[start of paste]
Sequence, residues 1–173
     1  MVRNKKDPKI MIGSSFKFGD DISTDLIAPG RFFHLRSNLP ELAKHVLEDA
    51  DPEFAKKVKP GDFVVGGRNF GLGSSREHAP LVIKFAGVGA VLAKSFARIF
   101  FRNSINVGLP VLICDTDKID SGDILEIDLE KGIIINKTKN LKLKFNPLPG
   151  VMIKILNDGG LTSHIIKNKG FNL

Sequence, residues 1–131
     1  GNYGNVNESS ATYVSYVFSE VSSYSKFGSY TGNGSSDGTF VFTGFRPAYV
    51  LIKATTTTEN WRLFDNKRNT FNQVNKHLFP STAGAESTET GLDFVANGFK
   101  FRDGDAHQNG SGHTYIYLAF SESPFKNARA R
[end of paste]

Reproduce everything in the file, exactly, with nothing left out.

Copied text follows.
Sequence, residues 1–173
     1  MVRNKKDPKI MIGSSFKFGD DISTDLIAPG RFFHLRSNLP ELAKHVLEDA
    51  DPEFAKKVKP GDFVVGGRNF GLGSSREHAP LVIKFAGVGA VLAKSFARIF
   101  FRNSINVGLP VLICDTDKID SGDILEIDLE KGIIINKTKN LKLKFNPLPG
   151  VMIKILNDGG LTSHIIKNKG FNL

Sequence, residues 1–131
     1  GNYGNVNESS ATYVSYVFSE VSSYSKFGSY TGNGSSDGTF VFTGFRPAYV
    51  LIKATTTTEN WRLFDNKRNT FNQVNKHLFP STAGAESTET GLDFVANGFK
   101  FRDGDAHQNG SGHTYIYLAF SESPFKNARA R